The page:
So pick a date, plan an outing and visit the Western Antique Aeroplane & Automobile Museum (WAAAM) Website for more information.
Joachim Huyssen, from the Nortwest University located in South Africa, started rethinking the principles and technologies that apply to aerodynamics and how to create an aircraft that was energy efficient. He began collaborating with Geoffrey Spedding, from the University of Southern California, and together they began creating an aircraft that now closely resembles a bird we often marvel at, namely the seagull. Nature is often looked at when it comes to aviation technology, although the men have confirmed that though their design resembles a seagull, it was purely by accident.
While Spedding was in South Africa, Joachim Huyssen approached him with his design ideas, which were extremely unconventional. Even though the design was unique in many ways, Spedding was intrigued by the new challenge and jumped on board as a collaborator. The new energy efficient and aerodynamic body of the aircraft is short, as well as the tail being best described as stubby. The fact that it does not have a conventional tail means that there is less drag on the aircraft and its bowed wings (gull wing configuration) are therefore the instruments that are moved to control pitch and stability. Most of the technology in regard to aviation has already been tried and tested, but when it comes to designing more fuel efficient aircraft, the challenge is still out there and there are new frontiers to be explored.
Spedding was quoted saying, “The most important point is that we may be wasting large amounts of fossil fuel by flying in fundamentally sub-optimal aircraft designs. At the very least, we can show that there exists an alternative design that is aerodynamically superior. One may argue that there is now an imperative to further explore this (and perhaps other) designs that could make a significant difference to our global energy consumption patterns.” As the fuel consumption and environmental crisis become more of a threat, there will be a greater need for more energy efficient forms of transportation, and currently, Spedding and Huyssen find themselves on the frontlines of new discoveries in regard to aviation. The new aircraft designed by them might be a familiar sight in our skies sooner than we might anticipate.
Located in Dallas, Texas, the Frontiers of Flight Museum was founded in November 1988 by a group of aviation enthusiasts – Jan Collmer, Kay Bailey Hutchison and William Cooper – who wanted the public to have the opportunity of viewing priceless documents, artifacts and photographs chronicling the journey of aviation from its earliest days through to today’s high-tech commercial, military and aerospace craft. The majority of the exhibits at the Frontiers of Flight Museum are from the collection donated by aviation historian George E. Haddaway to the University of Texas at Dallas. This noteworthy collection has been added to over the years and visitors to the museum now have access to an extensive range of fascinating exhibits, including a number of restored and well preserved aircraft.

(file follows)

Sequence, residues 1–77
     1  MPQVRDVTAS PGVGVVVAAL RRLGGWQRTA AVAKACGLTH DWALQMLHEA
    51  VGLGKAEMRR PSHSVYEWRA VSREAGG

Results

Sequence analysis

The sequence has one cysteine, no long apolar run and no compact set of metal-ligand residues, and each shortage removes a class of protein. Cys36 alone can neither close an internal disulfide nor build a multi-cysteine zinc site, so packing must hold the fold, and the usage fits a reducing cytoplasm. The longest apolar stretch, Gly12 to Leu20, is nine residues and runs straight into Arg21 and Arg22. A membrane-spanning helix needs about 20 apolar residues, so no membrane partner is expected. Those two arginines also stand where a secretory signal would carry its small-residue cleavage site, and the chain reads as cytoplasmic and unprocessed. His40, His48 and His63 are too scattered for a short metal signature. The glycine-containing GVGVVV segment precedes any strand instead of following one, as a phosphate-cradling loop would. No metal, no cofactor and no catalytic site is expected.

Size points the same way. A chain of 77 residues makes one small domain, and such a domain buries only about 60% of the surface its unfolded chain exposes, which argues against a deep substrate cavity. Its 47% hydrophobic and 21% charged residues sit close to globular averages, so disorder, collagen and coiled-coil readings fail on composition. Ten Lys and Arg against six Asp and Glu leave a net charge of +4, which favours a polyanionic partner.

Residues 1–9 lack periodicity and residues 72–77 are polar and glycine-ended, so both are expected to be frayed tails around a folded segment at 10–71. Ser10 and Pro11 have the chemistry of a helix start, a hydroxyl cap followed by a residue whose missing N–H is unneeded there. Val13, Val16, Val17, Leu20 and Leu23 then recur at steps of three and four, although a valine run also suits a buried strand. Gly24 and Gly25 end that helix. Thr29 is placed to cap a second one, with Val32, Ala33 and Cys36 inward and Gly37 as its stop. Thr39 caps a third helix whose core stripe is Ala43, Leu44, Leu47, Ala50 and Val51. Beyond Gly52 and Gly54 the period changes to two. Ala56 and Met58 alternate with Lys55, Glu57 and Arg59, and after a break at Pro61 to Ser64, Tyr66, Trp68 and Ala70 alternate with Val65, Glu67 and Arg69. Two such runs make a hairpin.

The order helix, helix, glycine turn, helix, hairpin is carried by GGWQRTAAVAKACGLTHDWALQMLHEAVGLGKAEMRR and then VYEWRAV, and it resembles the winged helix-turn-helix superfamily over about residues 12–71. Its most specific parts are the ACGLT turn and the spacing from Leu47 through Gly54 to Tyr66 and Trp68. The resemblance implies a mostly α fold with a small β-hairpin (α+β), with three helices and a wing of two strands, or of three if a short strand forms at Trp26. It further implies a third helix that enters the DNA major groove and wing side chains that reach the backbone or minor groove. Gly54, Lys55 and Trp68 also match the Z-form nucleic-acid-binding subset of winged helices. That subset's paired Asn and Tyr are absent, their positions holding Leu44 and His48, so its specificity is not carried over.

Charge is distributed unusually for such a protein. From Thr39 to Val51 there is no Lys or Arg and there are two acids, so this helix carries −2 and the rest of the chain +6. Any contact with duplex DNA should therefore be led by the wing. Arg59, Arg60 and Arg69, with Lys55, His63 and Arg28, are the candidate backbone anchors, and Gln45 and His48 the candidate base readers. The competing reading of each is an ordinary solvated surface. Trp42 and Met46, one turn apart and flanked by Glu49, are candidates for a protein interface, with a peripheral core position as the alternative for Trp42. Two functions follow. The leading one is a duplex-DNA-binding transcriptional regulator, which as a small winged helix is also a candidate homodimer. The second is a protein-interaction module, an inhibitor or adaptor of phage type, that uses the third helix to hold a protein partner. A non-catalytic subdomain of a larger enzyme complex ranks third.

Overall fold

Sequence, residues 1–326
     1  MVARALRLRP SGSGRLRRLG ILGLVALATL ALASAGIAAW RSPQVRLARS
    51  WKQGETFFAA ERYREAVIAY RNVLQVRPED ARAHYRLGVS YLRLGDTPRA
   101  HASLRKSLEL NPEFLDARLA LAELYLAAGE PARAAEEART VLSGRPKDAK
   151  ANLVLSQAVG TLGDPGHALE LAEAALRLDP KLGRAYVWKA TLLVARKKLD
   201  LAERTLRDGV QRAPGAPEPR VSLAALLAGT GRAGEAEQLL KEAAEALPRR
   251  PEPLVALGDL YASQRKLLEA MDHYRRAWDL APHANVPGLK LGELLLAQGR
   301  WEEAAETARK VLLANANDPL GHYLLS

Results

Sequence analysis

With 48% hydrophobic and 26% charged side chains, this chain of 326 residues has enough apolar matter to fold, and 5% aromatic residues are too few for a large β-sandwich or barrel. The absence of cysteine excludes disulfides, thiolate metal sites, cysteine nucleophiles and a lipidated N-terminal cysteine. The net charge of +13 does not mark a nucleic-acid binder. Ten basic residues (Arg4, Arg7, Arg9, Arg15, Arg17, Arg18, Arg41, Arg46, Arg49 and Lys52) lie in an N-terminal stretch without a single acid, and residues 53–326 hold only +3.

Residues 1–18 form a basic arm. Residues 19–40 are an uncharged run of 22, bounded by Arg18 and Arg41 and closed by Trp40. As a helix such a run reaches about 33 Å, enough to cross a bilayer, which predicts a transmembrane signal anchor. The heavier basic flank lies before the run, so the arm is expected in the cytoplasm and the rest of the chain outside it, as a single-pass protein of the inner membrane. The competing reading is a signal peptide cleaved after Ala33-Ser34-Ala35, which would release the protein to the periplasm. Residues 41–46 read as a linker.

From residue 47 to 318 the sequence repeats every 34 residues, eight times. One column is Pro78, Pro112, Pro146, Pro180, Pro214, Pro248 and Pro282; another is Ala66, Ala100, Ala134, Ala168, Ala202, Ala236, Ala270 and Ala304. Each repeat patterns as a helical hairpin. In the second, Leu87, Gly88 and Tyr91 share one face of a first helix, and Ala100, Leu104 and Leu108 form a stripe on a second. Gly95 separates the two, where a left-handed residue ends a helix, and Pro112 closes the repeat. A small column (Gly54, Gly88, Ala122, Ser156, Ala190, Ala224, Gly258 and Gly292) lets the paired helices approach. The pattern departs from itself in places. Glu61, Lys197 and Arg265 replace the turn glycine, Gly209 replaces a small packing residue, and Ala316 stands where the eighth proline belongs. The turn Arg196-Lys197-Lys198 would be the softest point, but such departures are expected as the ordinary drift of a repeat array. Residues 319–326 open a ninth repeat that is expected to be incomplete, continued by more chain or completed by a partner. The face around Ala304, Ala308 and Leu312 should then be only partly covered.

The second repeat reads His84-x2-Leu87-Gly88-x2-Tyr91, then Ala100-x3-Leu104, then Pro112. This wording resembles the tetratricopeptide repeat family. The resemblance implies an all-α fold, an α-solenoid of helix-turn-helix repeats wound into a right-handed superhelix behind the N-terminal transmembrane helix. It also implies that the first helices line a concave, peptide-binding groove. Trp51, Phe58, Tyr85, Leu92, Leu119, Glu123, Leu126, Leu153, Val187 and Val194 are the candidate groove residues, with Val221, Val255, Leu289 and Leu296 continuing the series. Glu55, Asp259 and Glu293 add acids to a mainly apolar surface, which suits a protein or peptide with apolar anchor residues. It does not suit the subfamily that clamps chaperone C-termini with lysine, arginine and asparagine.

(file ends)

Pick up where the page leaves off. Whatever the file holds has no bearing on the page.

The Dallas/Fort Worth region has long played an important role in global aviation, which is well supported by the exhibits at the museum and by the fact that it is referred to as the “Aviation Capital of the World”. Visitors to the Frontiers of Flight Museum can imagine what it would have been like to be a pioneering aviator in the airplanes of the 20s and 30s, a time period that came to be known as the “Golden Age of Flight”. It took great courage, and certainly a sense of adventure, to take to the skies at a time when aviation was just starting to spread its new-found wings. On a more serious note, visitors can get the sense of dedication and duty of the brave pilots of World War II as they patrolled the skies to protect their countries, or went on the attack as part of war strategy.
Taking pride of place in the museum is the “Lighter Than Air” collection, focusing on the famous LZ-129 Hindenburg Zeppelin which measured 803.8 feet in length, was kept aloft by means of seven million cubic feet of hydrogen, and carried 50 passengers as well as between 50 and 60 crew members and freight. It took this amazing aircraft three days and two nights to cross the Atlantic Ocean between Frankfurt, Germany, and Lakehurst, New Jersey, at an average cruising speed of 77 mph. Sadly, the Hindenburg went up in flames at the Lakehurst Naval Air Station on 6 May 1937 with 35 people losing their lives. Among the items on display at the museum is the radioman’s chair from the Hindenburg, as well as items from other airships operating at the time.
Stepping into the present, and looking toward the future, the Frontiers of Flight Museum details the rapid development of aviation since World War II, reminding us that as far as aviation and aerospace technology is concerned – the sky is surely not the limit.
I don’t like to write about airplane crashes. For one thing, they’re depressing. I also don’t like to write about them because too many people out there are already afraid of flying, and I don’t want to add to their anxiety. Flying, in my opinion, is one of the most fun things you can do. Another reason I don’t write about plane crashes is because dying in one is much less likely to happen than dying in a car crash, so again, why alarm people?